Narrative Of Fredrick Douglas Essay Research Paper

Narrative Of Fredrick Douglas Essay, Research Paper

The brutality that slaves endured form their masters and from the institution of

slavery caused slaves to be denied their god given rights. In the Narrative of the Life of

Frederick Douglass, Douglass has the ability to show the psychological battle between

the white slave holders and their black slaves, which is shown by Douglass own

intellectual struggles against his white slave holders. I will focus on how education

allowed Douglass to understand how slavery was wrong, and how the Americans saw the

blacks as not equal, and only suitable for slave work. I will also contrast how Douglass

view was very similar to that of the women in America, and the role that Christianity

played in his life as a slave and then as a free man.

The novel clearly displays the children s animalistic behavior when they were not

regularly allowanced. Douglass says, Our food was coarse corn meal boiled, which was

called mush. It was put into a large wooden tray or trough, and set down upon the ground.

The children were then called, like so many pigs, and like so many pigs they would come

and devour the mush; some with oyster-shells, others with pieces of shingle, some with

naked hands, and none with spoons. He that ate fastest got most; he that was strongest

secured the best place; and few left the trough satisfied” (Douglass 41-42). This clearly

describes how children where treated like animals and their inability to act in the manner

of a normal educated child. Slave children were denied many luxuries that other children

took for granted. The knowledge of their birthdays was one of these luxuries. Douglass

states, “I have no accurate knowledge of my age, never having seen any authentic record

containing it. By far the larger part of the slaves know as little of their ages as horses

know of theirs, and it is the wish of most masters within my knowledge to keep their

slaves thus ignorant. I do not remember to have ever met a slave who could tell of his

birthday. They seldom come nearer to it than planting-time, harvest-time, cherry-time,

springtime, or fall-time. A want of information concerning my own was a source of

unhappiness to me even during childhood. The white children could tell their ages. I

could not tell why I ought to be deprived of the same privilege” (Douglass 19). This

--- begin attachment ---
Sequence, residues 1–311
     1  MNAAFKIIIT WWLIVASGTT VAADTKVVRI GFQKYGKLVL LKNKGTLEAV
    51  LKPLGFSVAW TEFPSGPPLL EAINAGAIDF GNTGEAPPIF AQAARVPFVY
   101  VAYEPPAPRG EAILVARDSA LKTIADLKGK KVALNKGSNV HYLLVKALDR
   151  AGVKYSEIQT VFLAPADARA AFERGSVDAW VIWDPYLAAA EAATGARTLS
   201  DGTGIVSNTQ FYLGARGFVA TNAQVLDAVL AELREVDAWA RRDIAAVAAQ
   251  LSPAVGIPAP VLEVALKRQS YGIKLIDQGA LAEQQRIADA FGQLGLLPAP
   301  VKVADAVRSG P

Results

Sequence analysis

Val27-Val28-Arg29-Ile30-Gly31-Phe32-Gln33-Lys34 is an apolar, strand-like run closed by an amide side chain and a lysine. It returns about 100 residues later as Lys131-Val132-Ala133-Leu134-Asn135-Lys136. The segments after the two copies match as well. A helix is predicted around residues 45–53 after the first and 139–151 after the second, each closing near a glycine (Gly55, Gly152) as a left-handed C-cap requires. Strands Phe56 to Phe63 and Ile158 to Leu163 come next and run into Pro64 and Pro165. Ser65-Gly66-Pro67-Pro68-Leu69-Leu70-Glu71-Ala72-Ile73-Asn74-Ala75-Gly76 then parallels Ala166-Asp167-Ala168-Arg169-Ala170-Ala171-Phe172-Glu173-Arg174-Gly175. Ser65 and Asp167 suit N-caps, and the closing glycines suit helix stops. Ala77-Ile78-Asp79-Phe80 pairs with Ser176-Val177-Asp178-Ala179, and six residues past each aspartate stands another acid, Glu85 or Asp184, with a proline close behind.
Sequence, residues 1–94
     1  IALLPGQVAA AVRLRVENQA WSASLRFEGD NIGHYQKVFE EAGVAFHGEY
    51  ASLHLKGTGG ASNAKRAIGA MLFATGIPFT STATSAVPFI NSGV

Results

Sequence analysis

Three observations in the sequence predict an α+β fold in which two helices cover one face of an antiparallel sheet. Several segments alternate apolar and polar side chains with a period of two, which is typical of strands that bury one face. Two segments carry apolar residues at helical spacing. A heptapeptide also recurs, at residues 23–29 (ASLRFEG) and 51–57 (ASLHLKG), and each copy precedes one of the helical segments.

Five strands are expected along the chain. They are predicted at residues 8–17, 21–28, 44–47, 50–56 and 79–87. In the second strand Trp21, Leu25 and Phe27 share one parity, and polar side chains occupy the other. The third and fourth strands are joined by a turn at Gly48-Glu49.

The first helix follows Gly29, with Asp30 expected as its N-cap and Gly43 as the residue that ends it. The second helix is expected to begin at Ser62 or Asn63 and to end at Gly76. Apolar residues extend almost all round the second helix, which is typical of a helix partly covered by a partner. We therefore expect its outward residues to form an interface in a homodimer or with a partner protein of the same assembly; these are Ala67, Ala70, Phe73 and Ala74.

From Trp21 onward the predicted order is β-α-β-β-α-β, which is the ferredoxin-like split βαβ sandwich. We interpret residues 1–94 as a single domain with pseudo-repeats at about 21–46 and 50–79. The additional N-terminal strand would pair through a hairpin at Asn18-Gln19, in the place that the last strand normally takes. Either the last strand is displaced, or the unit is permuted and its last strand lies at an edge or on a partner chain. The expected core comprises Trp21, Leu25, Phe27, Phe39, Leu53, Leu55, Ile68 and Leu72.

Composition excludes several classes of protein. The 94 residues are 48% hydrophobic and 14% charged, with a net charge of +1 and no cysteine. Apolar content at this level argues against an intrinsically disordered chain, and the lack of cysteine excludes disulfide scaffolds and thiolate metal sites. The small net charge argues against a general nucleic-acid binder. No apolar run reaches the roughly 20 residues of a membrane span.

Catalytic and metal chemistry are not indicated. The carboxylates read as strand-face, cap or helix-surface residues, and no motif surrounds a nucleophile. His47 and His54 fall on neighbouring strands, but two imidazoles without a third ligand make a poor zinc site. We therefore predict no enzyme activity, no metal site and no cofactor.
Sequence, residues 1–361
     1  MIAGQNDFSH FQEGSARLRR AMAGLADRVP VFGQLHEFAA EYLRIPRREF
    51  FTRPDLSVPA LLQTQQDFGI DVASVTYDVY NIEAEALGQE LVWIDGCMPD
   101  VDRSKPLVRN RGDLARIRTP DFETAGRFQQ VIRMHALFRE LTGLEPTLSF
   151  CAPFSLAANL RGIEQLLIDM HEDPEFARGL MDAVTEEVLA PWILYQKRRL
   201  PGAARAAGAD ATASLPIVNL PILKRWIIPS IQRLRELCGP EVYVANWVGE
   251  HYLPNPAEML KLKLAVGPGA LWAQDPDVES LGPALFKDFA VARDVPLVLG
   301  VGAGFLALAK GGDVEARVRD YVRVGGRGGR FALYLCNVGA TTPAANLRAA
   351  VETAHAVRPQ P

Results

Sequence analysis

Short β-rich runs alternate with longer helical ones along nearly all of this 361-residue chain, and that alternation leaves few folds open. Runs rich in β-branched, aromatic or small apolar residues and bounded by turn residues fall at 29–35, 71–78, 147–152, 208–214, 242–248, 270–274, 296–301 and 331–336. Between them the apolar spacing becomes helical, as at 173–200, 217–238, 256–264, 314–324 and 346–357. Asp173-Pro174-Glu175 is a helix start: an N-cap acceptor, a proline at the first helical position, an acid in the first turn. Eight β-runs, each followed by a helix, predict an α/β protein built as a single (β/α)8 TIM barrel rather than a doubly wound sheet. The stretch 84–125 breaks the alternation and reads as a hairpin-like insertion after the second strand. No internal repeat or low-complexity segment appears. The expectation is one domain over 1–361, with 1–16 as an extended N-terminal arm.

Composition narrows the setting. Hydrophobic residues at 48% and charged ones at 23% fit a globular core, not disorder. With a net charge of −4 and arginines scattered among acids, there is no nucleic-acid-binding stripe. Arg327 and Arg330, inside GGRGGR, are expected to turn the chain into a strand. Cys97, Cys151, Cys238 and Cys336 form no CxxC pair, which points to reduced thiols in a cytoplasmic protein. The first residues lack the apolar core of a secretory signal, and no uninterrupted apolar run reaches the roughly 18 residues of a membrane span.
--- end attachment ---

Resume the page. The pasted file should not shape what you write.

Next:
passage clearly indicates differences between white children and slave children. These

differences build the foundation for demeaning the child into a slave and removing his

manhood from his soul. This is the start of the process that extracts a brute from a child.

Throughout the narrative Douglass uses the word brute , to form the image that

slaves were nothing more than beasts. This is only one of the numerous examples in

which Douglass creates the image of a dehumanized slave though the use of his

vocabulary. Douglass states, I was broken in body, soul, and spirit. My natural elasticity

was crushed, my intellect languished, the disposition to read departed, the cheerful spark

that lingered about my eye died; the dark night of slavery closed in upon me; and behold a

man transformed into a brute! (Douglass 73). Douglass makes it clear to the reader that

slavery degrades a man, and makes him loose his manhood. According to Douglass,

slavery transformed humans into beasts. Douglass was no longer a man; he was in every

essence an animal transformed by the brutality of slavery into a mindless worker.

Slavery was just an institution created animals from men; it bleeds the humanity

from humans and formed beasts in it s wake that need nothing but a comparatively small

amount of cultivation to make him an ornament to society and a blessing to his race. By

the law of the land, by the voice of the people, by the terms of the slave code, he was only

a piece of property, a beast of burden, and a chattel person. Divine supports this thought

by stating, slaves were also valuable property and the main tools of production

(Divine 235). With this, we are able to see how the slaves were not looked at as people

but as commodities, thus demeaning them into objects and not humans. Frederick

Douglass salvages his human nature though education and self-determination. When

Douglass first got a taste of knowledge, he then understood the power in which it held.

Douglass states, I now understood what had been to me a most perplexing difficulty-to

wit, the white man s power to enslave the black man (Douglass, 47). This was Douglass

first step towards freedom, which was learning what he had to do to get there, that was to

learn and gain the white man s knowledge. Douglass says, From that moment, I

understood the pathway from slavery to freedom (Douglass, 47). This revelation came

upon him after hearing his master, Mr. Auld reprehend Mrs. Auld for teaching Douglass

spelling. Mr. Auld states, If you give a nigger and inch, he will take an ell (Douglass,

47). Education and literacy would allow a slave to see that there was another way of

living and were not inferior to the white man. Divine supports the idea that the white men

felt they were superior to the blacks by saying, Blacks, it was alleged, were innately

inferior to the whites and suited only for slavery (Divine 237). Douglass became aware

that the efforts of the whites were to prevent a power struggle from ever occurring by

preventing the slave from thinking that equality could ever take place. Douglass set his

heart on becoming educated, allowing him to challenge the power of the white man.

Douglass says, given me the inch, and no precaution could prevent me from taking

the ell (Douglass 51). Thus the desire for freedom was exited by his understanding of the